The SP is required to check with the OCC Planning Officer that this is the case prior to proceeding with firm proposals.

Planning parameters

It is the intention that a drawing will have been produced as part of the master planning exercise to show the planning parameters for the school envisaged at a schematic level. This should have been jointly agreed between the district council planning officers and OCC corporate landlord. It will have been prepared as part of the consultation with the county and district noted above to provide key guidance on the principals of development of the school site.

Clearly the actual layouts will not become defined until the designers have fully assessed the site and produced a design to meet the OCC Brief. Where critical elements are essential to the district planning authority they will have been be defined to be the case but they will be 'overarching principals' rather than that which seeks to act to constrain the layout and design of the school itself.

An example might cover:

  • the approximate width of development across the frontage of the site
  • the approximate location of the main entrance
  • the location of the school hall or landmark part of the building
  • the proximity of school buildings to the boundary
  • the location of drop off point for parents
  • the location of coach lay-by
  • the location of the vehicular entrance
  • the type of boundary treatment.

The contents of the planning application

The county council as a responsible public body will ensure that its planning applications are of a high standard. Drawings should be well produced and all the necessary information should be provided. This will assist the progress of the application through the planning process and help the public and councillors to understand the proposals.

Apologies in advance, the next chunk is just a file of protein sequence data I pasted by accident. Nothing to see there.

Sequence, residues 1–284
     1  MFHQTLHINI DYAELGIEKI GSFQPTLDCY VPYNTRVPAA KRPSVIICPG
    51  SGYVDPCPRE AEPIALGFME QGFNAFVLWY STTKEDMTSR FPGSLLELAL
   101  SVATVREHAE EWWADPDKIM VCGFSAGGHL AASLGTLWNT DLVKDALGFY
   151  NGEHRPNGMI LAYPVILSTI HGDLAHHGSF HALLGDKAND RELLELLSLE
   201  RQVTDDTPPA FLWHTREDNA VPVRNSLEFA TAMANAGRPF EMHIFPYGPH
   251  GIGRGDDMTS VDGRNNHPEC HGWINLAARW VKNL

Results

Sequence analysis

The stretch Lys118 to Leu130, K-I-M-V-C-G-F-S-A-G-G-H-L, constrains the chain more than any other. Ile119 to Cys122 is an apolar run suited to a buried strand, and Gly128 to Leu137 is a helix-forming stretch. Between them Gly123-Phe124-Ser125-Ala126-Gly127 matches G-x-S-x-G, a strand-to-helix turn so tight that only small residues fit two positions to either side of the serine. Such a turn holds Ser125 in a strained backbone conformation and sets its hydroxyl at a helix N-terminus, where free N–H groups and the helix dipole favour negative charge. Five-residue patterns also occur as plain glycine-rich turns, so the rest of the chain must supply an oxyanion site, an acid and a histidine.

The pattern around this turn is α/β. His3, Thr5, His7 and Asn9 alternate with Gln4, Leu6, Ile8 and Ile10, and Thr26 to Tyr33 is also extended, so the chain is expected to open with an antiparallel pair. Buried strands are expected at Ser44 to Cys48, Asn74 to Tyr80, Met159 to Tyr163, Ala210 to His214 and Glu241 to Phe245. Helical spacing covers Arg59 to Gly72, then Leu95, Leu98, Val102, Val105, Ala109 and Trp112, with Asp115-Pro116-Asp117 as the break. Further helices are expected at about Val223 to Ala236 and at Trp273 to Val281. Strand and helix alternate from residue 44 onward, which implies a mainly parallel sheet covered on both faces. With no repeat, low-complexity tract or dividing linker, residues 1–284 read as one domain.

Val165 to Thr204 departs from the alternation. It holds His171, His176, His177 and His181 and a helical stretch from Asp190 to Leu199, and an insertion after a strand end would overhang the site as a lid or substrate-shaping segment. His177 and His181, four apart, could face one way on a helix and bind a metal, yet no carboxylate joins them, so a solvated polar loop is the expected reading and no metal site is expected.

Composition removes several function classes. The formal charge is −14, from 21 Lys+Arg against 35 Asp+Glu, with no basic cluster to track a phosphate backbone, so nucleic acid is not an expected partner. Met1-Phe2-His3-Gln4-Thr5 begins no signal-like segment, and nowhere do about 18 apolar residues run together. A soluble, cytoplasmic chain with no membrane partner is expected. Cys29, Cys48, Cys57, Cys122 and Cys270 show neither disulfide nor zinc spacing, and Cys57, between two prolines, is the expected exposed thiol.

Applications will not be registered if they are incomplete. The development management team's role is the same as that of district council development control services: to receive applications, consult on them, make recommendations to committee, and determine the application. Failure to provide information as set out in the validation checklists below will delay the registration and processing of applications.

Validation checklists

The county council has two adopted validation checklists. These checklists include guidance on what types of information should be prepared and submitted with a planning application. Applicants should consider both of these when preparing a planning application.

The first checklist is a list of statutory requirements that must be provided (see below) and the second is a list of local requirements that may be required depending on the circumstances of the individual application. Both of these lists are available in full on the county council's website under the planning pages.

All draft and full applications must include the following information:

  1. One copy of the completed planning application form signed and dated
  2. One copy of the completed, signed and dated ownership certificate (A, B, C or D). The county council can make applications to itself for its own development on land that it does not own. Therefore the red line application area may include land not owned by the county council. In such a case the development control team must be informed of the name and address of the owner so that they can be notified of the proposal
  3. One copy of the article 7 certificate (agricultural holdings), signed and dated